In “Androids,” on the other hand, the anxiety about difference opens up a space in which difference can be seen as, actually, different. This is certainly true for class issues. In “Androids,” money and social status are a constant, nagging worry for everybody, while in “Her,” Theodore’s job as mid-level cubicle slogger somehow pays for a spacious apartment, unlimited techno-toys and lavish vacations — middle-class existence appears to be as much a universal default as Theodore’s own gigantic head.

In addition, though Deckard is the main character in “Androids,” we also spend a good bit of time in the consciousness of J.R. Isidore, a truck driver for an artificial animal repair shop who has been classified as a “special” because of his low IQ.  Isidore’s marginal status is linked repeatedly to that of the androids; he lives in the same abandoned building they do, and he’s treated as different and lesser, as they are. He’s set apart from them by his ability to empathize — but that ability is in no small part an ability to empathize with them. By the same token, another bounty hunter, Phil Resch, is marked as an android because he doesn’t empathize with other androids — and then revealed to actually be a human who doesn’t empathize with androids. Deckard’s humanity too is occasionally questioned, both because various people wonder whether he’s an android, and because he turns out to be able to kill an android that looks exactly like Rachael, the android he slept with.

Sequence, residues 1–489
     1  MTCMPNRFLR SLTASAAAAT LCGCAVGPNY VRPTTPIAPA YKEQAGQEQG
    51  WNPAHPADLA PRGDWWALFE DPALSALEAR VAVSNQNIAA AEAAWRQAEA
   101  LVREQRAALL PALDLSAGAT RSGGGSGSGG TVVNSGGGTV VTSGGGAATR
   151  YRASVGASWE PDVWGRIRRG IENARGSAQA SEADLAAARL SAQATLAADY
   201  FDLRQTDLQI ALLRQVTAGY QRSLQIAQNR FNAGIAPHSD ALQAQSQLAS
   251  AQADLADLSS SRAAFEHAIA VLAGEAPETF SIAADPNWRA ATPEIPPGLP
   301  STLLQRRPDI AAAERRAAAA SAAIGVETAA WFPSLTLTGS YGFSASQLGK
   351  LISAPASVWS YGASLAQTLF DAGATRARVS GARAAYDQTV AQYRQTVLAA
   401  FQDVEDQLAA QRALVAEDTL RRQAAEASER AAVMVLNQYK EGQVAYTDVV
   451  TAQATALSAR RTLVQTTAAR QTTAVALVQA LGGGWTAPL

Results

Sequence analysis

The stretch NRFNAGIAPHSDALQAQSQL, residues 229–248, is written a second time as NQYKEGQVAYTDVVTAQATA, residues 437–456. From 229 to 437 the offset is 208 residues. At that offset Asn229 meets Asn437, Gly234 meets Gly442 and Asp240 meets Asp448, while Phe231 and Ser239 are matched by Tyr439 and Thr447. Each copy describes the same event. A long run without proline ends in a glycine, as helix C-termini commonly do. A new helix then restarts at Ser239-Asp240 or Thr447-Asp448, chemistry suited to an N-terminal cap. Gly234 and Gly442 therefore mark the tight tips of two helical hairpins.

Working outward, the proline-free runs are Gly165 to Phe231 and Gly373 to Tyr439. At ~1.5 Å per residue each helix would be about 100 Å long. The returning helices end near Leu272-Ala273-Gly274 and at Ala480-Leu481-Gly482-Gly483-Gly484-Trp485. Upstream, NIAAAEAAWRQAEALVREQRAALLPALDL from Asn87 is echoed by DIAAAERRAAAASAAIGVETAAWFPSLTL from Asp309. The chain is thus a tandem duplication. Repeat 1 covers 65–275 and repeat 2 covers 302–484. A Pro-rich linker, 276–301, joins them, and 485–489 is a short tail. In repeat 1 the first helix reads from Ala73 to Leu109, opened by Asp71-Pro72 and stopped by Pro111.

In “Her,” difference is simply subsumed into a single narrative of midlife crisis and romance — everybody’s the same at heart, which means everybody is accepted as long as their stories can be all about that white male middle-age middle-class guy we’re always hearing stories about. In “Androids,” on the other hand, different people, and different machines, are actually different. That’s frightening in many ways — both because difference itself can be frightening, and because difference seems to excuse and even encourage violence and alienness in “us,” whether we empathize (like Isidore) or joyfully murder (like Resch).

Which is to say, Dick is willing to see empathy not just as a way to treat the other as the self, but as a way to view the self from the perspective of the other as android, alien, inhuman. Thus the middle-class dude doing his job can be seen, not as a dispenser of greeting-card good cheer, but as a murdering borderline psychopath.  Looking forward from Dick’s past, Theodore’s soulfully empathic gaze starts to look less like a comforting promise, and more like a threat — a future in which we are all accepted because we are all buried in that one guy’s mildly quirky, eminently predictable dream.